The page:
What I find so strange about this is that yesterday's decline in the stock market was not unusual for a correction by any means. Yes, it was harsh, but the S&P 500 index has seen much worse down days without a volatility spike like this (especially in the afterhours). Could it be that the XIV/SVXY was specifically targeted for breakage? Was someone sitting on a lot of money waiting for a day with a volaility spike to push the futures over the edge, beyond a 100% move in the afterhours when the trading volume is light? Traders with size do this all the time. Sometimes big traders will nudge individual stocks or indexes to certain price points to take out the stops of other market participants, causing larger moves or taking advantage of the liquidity for a trade positioned the opposite way. It's not inconceivable that the VIX futures was targeted using a similar scheme.

Whether or not this was the doing of a bad actor, because this happened it will probably happen again. Credit Suisse not plans to recall the XIV ETN, but it was such a popular product that I have no doubt it will return soon in some form. Thankfully, the bank was fully hedged. I hope that when it does comes back, they will have some protection in place to safeguard against this type of after hours event from repeating.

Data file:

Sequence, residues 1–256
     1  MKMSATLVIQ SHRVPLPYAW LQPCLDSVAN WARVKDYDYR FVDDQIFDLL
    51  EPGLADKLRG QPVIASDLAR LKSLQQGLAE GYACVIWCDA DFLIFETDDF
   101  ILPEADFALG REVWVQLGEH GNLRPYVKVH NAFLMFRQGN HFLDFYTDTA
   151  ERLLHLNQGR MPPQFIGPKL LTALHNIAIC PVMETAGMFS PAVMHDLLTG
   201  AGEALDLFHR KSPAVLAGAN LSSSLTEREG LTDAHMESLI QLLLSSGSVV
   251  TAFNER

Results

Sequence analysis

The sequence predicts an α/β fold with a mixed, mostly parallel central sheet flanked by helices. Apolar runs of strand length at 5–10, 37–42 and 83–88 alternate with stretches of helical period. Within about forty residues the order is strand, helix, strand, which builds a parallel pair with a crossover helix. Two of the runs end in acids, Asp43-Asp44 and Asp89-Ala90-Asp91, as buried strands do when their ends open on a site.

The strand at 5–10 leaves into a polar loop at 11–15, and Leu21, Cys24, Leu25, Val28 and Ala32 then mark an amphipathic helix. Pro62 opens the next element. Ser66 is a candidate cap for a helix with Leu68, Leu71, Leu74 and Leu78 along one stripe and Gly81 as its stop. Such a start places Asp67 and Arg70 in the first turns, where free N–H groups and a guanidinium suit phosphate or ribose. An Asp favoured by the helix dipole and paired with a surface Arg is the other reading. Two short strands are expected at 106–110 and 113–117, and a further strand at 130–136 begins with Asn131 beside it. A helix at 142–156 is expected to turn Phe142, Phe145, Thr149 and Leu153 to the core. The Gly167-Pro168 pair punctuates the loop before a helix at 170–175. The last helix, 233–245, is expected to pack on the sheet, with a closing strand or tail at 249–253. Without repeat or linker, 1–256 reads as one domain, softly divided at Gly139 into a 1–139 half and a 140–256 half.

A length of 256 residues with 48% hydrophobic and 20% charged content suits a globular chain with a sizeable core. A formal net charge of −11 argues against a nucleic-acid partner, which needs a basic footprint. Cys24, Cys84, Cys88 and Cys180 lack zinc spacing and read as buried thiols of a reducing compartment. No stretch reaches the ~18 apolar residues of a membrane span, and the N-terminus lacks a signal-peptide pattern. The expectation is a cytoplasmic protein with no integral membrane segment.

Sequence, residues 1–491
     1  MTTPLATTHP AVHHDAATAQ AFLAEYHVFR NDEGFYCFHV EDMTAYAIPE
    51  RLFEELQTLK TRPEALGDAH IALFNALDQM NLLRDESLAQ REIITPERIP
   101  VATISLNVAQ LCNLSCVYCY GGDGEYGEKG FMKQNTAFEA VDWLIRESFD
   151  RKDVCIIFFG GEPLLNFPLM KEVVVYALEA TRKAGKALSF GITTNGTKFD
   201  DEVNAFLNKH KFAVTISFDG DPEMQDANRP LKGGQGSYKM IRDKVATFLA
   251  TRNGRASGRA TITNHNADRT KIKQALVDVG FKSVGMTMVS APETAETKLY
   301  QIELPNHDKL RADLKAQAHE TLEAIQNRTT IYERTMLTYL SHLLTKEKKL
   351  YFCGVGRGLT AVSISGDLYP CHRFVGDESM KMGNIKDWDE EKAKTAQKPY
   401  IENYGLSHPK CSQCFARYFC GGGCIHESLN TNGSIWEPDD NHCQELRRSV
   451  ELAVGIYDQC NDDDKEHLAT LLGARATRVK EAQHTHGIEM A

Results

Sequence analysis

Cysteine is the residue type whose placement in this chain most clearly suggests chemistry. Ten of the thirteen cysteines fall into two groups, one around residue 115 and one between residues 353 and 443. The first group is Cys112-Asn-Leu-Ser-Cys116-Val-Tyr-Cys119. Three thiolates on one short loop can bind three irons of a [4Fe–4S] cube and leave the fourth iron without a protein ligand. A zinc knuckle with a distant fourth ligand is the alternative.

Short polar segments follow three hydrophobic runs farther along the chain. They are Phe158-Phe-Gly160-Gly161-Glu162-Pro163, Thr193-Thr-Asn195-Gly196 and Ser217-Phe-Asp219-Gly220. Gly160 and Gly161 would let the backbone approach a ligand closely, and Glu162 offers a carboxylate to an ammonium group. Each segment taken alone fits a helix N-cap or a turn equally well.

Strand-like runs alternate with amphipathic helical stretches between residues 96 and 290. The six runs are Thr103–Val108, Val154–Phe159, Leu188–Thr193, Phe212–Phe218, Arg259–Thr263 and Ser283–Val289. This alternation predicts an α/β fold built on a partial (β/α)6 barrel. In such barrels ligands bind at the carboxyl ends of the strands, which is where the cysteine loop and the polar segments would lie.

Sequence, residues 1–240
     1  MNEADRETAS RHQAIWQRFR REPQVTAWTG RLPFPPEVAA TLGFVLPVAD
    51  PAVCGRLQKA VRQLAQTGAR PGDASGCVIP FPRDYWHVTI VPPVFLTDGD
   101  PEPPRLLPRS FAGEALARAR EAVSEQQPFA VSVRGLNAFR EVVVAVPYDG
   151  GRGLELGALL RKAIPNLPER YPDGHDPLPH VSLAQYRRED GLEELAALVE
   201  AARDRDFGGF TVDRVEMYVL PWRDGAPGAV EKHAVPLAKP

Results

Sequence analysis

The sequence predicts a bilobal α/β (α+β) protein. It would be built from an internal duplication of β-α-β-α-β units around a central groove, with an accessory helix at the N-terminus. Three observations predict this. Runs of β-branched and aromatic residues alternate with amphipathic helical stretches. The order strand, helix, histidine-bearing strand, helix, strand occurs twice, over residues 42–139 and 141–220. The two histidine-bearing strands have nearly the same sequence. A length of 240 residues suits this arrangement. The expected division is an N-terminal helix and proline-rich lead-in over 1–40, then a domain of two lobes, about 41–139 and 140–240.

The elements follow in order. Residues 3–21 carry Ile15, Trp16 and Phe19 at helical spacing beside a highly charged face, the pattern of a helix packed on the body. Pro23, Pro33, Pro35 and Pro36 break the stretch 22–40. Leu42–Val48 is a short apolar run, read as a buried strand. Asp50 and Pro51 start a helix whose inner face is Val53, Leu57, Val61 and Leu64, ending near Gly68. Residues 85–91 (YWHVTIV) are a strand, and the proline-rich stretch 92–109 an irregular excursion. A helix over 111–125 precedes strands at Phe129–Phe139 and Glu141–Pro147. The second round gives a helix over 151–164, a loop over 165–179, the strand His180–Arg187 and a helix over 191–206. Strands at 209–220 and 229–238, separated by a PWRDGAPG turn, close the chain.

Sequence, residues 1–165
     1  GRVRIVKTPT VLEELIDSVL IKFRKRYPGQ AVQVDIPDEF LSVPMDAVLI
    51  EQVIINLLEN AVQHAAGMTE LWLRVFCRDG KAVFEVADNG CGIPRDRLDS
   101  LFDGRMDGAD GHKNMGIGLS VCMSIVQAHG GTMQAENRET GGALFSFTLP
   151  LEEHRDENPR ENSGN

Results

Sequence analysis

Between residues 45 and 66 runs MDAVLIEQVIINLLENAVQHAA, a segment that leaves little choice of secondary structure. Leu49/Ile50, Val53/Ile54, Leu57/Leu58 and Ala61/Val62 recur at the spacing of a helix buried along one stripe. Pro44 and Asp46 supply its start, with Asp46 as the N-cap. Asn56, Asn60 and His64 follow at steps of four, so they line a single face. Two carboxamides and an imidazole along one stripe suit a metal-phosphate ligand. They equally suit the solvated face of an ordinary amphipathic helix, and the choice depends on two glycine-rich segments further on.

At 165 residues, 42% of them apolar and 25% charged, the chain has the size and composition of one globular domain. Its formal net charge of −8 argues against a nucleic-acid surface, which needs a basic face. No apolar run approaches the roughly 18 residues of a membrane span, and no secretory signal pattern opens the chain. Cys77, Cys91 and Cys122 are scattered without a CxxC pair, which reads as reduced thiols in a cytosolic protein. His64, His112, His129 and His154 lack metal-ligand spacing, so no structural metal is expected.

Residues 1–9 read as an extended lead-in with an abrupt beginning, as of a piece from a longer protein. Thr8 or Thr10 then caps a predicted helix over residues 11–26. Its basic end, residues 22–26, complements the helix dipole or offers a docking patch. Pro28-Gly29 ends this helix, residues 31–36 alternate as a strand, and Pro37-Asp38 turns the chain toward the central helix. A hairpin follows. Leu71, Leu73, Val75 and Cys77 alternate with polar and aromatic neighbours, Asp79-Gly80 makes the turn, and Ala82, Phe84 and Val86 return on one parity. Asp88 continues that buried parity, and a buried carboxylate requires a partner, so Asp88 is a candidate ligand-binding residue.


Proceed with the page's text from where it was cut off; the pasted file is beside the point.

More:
Shut Down of MomentumStockScans.com and USTreasuryYieldCurve.com

September 5, 2017

I am temporarily shutting down my websites momentumstockscans.com and ustreasuryyieldcurve.com. I initially thought these websites would generate sufficient traffic to be self-sustainable from ad revenue, but at the moment they are unprofitable. Both websites require their own databases and run via Docker containers hosted on AWS, which gets costly. I will put the websites back up as they were once I find a more cost effective hosting solution.

The Trump Bull Market is NOT Over!

June 30, 2017

2017 has been a disappointing year for the kind of trader who thrives on volatility! The VIX has been stuck near historic lows, and ever since President Trump has been elected every dip in the market has been a bear trap. How much farther can it go?